Archive for Home users – Page 2

Should You Pay for a Ransomware Attack?

Getting hit with a ransomware attack is never fun, your files get encrypted by cybercriminals and you can no longer access them, so you’re left having to decide: should we pay to get them back? It’s a scene that’s played out across the world with 70% of businesses saying ‘yes’ in 2016 alone.

Here’s what you should consider if you’re ever in this situation.

Do you trust them?

Besides the fact that they’re criminals holding your data hostage, how confident are you that they’ll send the decryption key or that it will even work? Most attackers demand you send the payment via untraceable Bitcoin, so you have no recourse if they take it and run. You’re also equally trapped if they decide they asked too little and come back with increasingly higher demands.

If they do send the decryption key and you successfully decrypt your files, be aware they still have access to your systems and can hit you again at any time until your network is disinfected by experts. Businesses don’t exactly want their breach publicized either, so many don’t admit to paying the ransom, whether it went to plan or otherwise.

Can you manage the impact of a Ransomware attack?

Best case scenario, you can wipe the affected drives and restore from a clean backup without paying the ransom. You might even decide the encrypted files aren’t that important and simply let them go, or even wipe a whole laptop or workstation.

On the other hand, if your data management comes under any special regulations, like health or legal, you may find the attack has a much wider, more intense impact.

The attacker will usually give you a countdown to motivate a payment, with a threat of deletion when it hits zero. If the data isn’t that valuable, or you have confirmed backups, this urgency has no effect.

There are also new types of ransomware like KillDisk which can permanently wipe your entire hard drive.

How much do they want?

Cybercriminals rarely send out global attacks with set amounts, instead, they prefer to customize the ransom based on how much they think you can pay. Large corporations and hospitals (remember the NHS Ransomware incident not too long ago) are hit with very high demands, while small business demands are more modest. They may be criminals, but they’re smart people who know your financial limits.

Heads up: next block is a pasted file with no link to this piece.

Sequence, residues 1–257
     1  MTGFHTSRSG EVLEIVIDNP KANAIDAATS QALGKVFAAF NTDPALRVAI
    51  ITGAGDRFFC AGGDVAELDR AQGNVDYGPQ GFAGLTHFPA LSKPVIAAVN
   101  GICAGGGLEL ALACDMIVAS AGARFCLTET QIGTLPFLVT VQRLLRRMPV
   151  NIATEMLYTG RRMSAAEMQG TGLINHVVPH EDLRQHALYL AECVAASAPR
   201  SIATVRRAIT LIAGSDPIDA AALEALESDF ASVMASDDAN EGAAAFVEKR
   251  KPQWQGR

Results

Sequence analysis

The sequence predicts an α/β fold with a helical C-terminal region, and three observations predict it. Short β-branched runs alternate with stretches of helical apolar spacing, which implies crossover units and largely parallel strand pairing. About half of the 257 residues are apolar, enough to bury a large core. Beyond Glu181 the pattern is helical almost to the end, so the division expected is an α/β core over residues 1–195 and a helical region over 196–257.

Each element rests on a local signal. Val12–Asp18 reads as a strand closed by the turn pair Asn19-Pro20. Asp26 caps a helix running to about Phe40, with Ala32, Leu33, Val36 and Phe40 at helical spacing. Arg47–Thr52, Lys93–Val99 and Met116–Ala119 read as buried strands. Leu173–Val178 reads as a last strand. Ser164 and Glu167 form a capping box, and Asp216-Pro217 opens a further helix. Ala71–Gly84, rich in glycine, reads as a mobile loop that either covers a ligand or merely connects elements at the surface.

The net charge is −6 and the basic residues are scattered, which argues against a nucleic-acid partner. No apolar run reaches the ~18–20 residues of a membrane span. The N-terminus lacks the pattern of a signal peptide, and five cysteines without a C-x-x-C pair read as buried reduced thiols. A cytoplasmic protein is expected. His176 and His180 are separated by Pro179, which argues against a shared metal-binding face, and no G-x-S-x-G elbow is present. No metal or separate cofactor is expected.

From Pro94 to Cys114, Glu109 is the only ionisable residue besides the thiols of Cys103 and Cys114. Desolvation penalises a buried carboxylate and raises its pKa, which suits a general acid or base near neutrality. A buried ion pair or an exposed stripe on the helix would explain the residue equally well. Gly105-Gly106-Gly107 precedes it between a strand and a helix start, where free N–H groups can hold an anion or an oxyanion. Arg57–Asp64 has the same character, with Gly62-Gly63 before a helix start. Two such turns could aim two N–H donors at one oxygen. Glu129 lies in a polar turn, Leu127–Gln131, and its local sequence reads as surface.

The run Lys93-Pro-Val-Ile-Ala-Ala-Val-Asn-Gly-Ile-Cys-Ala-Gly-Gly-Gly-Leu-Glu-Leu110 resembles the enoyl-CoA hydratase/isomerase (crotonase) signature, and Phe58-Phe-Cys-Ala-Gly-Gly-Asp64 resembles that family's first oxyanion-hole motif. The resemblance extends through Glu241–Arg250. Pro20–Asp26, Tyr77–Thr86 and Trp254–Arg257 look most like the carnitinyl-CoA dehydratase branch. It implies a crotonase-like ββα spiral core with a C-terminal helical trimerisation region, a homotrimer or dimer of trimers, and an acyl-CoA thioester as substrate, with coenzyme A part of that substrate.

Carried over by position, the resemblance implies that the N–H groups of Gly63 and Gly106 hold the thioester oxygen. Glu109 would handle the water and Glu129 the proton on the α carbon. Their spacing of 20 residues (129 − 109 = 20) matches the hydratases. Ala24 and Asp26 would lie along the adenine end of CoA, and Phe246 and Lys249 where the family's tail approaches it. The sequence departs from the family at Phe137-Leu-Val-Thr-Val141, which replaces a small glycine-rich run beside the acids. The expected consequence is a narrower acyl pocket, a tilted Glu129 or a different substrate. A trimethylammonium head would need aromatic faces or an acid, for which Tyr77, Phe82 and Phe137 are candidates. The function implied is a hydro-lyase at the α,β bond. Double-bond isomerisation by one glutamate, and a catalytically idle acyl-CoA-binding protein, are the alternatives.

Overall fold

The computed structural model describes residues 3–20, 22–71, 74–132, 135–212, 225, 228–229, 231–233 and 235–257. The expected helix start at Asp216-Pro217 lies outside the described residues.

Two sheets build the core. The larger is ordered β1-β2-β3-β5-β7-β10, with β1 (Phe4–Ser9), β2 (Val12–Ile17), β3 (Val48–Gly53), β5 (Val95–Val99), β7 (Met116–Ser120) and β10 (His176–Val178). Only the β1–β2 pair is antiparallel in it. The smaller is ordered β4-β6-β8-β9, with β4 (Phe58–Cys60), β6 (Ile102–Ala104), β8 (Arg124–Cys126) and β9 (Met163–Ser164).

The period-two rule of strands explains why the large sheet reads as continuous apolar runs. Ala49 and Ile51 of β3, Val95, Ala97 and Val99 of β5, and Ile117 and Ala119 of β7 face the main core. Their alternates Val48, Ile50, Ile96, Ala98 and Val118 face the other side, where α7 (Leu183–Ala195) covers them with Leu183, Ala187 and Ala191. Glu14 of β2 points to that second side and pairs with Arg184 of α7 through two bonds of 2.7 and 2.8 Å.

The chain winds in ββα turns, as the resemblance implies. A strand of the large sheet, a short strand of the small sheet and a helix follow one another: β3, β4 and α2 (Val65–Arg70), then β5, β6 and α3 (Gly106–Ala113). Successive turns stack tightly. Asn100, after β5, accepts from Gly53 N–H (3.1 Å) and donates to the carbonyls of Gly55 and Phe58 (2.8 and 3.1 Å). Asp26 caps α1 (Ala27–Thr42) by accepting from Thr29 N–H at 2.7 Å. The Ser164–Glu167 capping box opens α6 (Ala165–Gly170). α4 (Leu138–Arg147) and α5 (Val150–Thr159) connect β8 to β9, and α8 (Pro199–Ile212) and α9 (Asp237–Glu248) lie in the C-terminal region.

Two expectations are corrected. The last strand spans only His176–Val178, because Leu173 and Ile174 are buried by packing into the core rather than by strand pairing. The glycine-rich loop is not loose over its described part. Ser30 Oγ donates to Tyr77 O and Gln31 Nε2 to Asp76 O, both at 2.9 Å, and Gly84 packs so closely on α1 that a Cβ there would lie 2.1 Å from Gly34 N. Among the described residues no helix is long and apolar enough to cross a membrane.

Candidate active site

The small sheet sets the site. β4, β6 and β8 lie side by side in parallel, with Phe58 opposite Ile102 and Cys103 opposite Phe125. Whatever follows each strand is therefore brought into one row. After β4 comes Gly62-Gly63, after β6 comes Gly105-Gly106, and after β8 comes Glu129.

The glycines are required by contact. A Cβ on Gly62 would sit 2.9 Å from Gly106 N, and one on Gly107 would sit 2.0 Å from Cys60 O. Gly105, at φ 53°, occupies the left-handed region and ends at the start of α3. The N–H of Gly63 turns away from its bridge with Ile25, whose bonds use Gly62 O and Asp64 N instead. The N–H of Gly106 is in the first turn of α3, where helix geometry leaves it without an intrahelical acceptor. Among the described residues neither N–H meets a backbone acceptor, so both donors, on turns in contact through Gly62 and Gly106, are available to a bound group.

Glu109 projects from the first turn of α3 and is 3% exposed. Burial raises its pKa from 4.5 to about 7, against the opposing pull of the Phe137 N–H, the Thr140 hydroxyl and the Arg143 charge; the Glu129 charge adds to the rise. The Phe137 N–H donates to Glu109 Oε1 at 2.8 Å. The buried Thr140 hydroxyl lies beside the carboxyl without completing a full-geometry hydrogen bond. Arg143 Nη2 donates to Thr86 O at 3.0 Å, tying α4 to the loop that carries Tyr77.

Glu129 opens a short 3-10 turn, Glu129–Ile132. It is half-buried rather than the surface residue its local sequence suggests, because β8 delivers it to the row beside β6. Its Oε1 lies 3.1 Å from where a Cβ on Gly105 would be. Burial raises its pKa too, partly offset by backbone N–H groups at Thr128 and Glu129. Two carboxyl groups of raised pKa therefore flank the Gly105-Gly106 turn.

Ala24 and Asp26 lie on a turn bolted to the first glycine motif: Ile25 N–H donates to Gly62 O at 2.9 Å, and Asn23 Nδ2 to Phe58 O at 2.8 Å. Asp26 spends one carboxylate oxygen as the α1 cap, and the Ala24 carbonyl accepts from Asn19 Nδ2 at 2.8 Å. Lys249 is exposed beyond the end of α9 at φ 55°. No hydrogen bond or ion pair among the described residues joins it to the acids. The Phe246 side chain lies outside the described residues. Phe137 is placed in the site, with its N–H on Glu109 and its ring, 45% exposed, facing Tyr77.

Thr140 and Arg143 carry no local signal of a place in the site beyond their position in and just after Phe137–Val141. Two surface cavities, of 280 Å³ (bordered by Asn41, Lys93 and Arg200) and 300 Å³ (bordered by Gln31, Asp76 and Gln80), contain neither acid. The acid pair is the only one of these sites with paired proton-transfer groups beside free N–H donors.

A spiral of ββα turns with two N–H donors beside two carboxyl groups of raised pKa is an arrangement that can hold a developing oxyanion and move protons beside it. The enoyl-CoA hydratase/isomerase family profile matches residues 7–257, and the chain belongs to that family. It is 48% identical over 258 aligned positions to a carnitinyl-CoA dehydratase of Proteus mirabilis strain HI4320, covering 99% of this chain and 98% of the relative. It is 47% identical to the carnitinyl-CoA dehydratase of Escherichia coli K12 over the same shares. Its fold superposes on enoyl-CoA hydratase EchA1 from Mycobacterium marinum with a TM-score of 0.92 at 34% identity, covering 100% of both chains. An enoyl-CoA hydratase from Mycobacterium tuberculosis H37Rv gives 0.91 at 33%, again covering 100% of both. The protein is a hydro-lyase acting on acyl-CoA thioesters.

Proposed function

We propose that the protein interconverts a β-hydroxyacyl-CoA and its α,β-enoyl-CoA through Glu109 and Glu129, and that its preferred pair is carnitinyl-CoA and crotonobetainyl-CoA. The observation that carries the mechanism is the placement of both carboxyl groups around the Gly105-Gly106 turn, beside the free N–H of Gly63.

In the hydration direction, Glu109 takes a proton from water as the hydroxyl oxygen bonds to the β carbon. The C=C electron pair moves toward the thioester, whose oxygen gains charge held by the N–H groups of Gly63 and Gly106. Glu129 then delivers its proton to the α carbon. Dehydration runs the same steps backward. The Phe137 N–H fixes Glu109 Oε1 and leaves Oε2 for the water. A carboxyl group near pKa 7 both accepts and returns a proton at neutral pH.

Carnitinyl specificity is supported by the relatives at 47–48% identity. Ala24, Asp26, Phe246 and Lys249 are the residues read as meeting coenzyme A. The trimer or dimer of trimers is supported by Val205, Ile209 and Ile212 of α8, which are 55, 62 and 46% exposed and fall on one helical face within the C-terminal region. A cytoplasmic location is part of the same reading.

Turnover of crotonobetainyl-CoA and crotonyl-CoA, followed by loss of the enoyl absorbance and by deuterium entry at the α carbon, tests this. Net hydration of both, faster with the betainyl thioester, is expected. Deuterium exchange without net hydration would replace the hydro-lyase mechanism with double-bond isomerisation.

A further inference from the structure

They’ll also consider how much similar businesses have paid and how quickly, then expect you to follow suit.

Are your backups good?

Many businesses are discovering too late that their backup systems aren’t robust enough to withstand this type of attack. Either they’ve become infected too, they weren’t up-to-date or they backed up the wrong data.

It’s worth doing some quick checks on your backup processes as even if you have to take the system down for a day as you recover, you’re still light years ahead of those without them.

Can you prevent Ransomware attacks in the first place?

There may have been a time when you didn’t have to consider ransomware as an issue and just had to have some form of basic antivirus service running on your computer – but unfortunately this is no longer the case. You need a good security system in place that includes some form of ransomware protection.

Ransomware is constantly evolving and security is always playing catch-up, so go for the best performing security system – not necessarily the cheapest.

Reduce routes of infection

Ransomware is showing no signs of slowing down. As more businesses keep them funded the cybercriminals are steadily launching new attacks and making it their full-time job. Most attacks come via phishing emails – those emails that trick employees into clicking a link – and they can be extremely convincing. While training helps people spot them, it’s no guarantee.

We recommend using business-class spam filters to catch these types of emails before they land in your employee inboxes so that triggering a ransomware attack becomes something that happens to other businesses, not yours.

Secure your data systems now, we can help! Call us on 01455 209505.

What is Best for your Computer – Shutdown or Sleep?

What is best for your computer - powering off or sleep?

Many times we hear the same question – should I switch off my computer or just let it sleep? Some people believe you should shut down after every use to save wear and tear, others believe you should never shut down your computer – ever.

Others simply want to make sure the pages and apps they left open are still there waiting for them. So, who’s right and what are they really doing?

Back when computers were large and clunky boxes that took a long time to start, you’d probably get fed up with the person who shut it down when it was your turn to use it. If you have an older computer, maybe you still do. Modern computers actually have two options for their downtime: Shut down or sleep.

Shutting down